Why it's the only lasting anonymous Washington novel.
Democracy is the story of a young widow, Madeleine Lightfoot Lee, who relocates to Washington, where her romantic pursuits unfold against a backdrop of high-level political intrigue and corruption. The book's themes are the doubts harbored by Washington's aristocratic society about the viability of the nation's newly robust mass democracy. The party system of the late 19th century was dominated by plutocratic senators on the take from newly wealthy corporations, and, in Adams' telling, party machines put power and self-enrichment above the public interest. Good governance scarcely stands a chance.
Parts of the novel, to be sure, no longer speak to us except as period pieces. The Victorian salons and courtship rituals seem quaint, the nakedness of the party machinations dated. But in other ways Democracy is strikingly contemporary. Ratcliffe, the charismatic but corrupt Republican senator who for a time beguiles Madeleine as he sizes her up as a prospective first lady, hides an original sin that will resonate with anyone who is still recovering from the Bush years: He doctored his state's election returns to ensure his candidate's victory in a close, contested presidential election. (Adams fused the election of Lincoln in 1864 to the controversial 1876 election, which lasted far longer than that of 2000 and which Rutherford Hayes ultimately won in a corrupt bargain.)
Also uncannily contemporary is the portrait of the newly elected president in Democracy. He a reformist outsider hailing from the Midwest, one "whose political experience was limited to stump-speaking in his native State, and to one term as Governor," but enjoys the starry-eyed support of newspaper editors everywhere. Once in Washington, he's outmaneuvered by skillful veterans like Ratcliffe. For the most part, though, Democracy is neither timebound nor timely but timeless: a subtle meditation on the seductions of partisanship, the elusiveness of clean government, and the tension between the premises of popular wisdom that underlie self-government and the mediocre leaders and short-sighted decisions that democracy often produces.
At the broadest level, the book is a straightforward indictment of Gilded Age corruption, of the hollowness of presidents and other politicians, and of the superficiality of the court politics of Washington insiders. Although Madeleine is at first taken with Washington life, attending sessions of Congress and reading up on her presidential history, she grows disillusioned, not least because she loses esteem for the cynical Ratcliffe. Her view of a White House receiving line reveals the concerns about authenticity that permeated American politics even then:
Madeline found herself before two seemingly mechanical figures, which might be wood or wax, for any sign they showed of life. These two figures were the President and his wife; they stood stiff and awkward by the door, both their faces stripped of every sign of intelligence, while the right hands of both extended themselves to the column of visitors with the mechanical action of toy dolls…. To the President and his wife this was clearly no laughing matter. There they stood, automata, representatives of the society which streamed past them…. What a strange and solemn spectacle it was…. She felt a sudden conviction that this was to be the end of American society; its realization and its dream at once. She groaned in spirit.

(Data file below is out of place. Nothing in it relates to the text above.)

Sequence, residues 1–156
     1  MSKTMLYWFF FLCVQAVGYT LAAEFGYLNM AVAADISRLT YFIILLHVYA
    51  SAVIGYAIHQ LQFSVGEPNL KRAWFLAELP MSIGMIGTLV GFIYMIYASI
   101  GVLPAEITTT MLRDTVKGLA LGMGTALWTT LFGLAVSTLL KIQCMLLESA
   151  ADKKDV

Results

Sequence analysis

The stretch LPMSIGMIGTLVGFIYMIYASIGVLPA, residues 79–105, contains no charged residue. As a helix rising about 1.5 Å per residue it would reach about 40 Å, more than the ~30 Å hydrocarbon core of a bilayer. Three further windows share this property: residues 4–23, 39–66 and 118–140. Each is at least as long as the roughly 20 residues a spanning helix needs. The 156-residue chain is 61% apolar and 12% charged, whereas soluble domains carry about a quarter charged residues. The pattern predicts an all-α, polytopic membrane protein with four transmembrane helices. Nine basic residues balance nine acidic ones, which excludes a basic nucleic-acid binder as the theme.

Despite the book's overtly political passages, Adams stops short of the pamphleteering that mars second-rate Washington fiction. He allows other parties to have their say about democracy. Though corrupt, Ratcliffe defends the American system, warts and all. He admits that "in politics we cannot keep our hands clean. I have done many things in my political career that are not defensible." But he explains his participation in election chicanery as necessary to save the Union. He even makes an eloquent defense of party-line voting, explaining when it's prudent to yield his own personal opinions to the party position.
But the most sympathetic argument comes from a minor character in the book, the diplomat Nathan Gore. His democratic spirit remains undimmed because he combines modest expectations with a sober assessment of the alternatives—a variation on the old quip that democracy is the worst form of government but for all the others. In an era when many people questioned the viability of democracy—as they did in 1925 as well as in 1880—Gore says: "I believe in democracy … because it appears to me the inevitable consequence of what has gone before it. Democracy asserts the fact that the masses are now raised to higher intelligence than formerly. … I grant it is an experiment, but it is the only direction society can take that is worth its taking." He doesn't defend rank corruption, but he recognizes the inherent grubbiness of democratic politics.
Democracy survives because democracy remains a work in progress.
David Greenberg, a professor of history and media studies at Rutgers and author of three books of political history, has written the "History Lesson" column since 1998.
Harvard graduation photograph of Henry Adams from Wikipedia.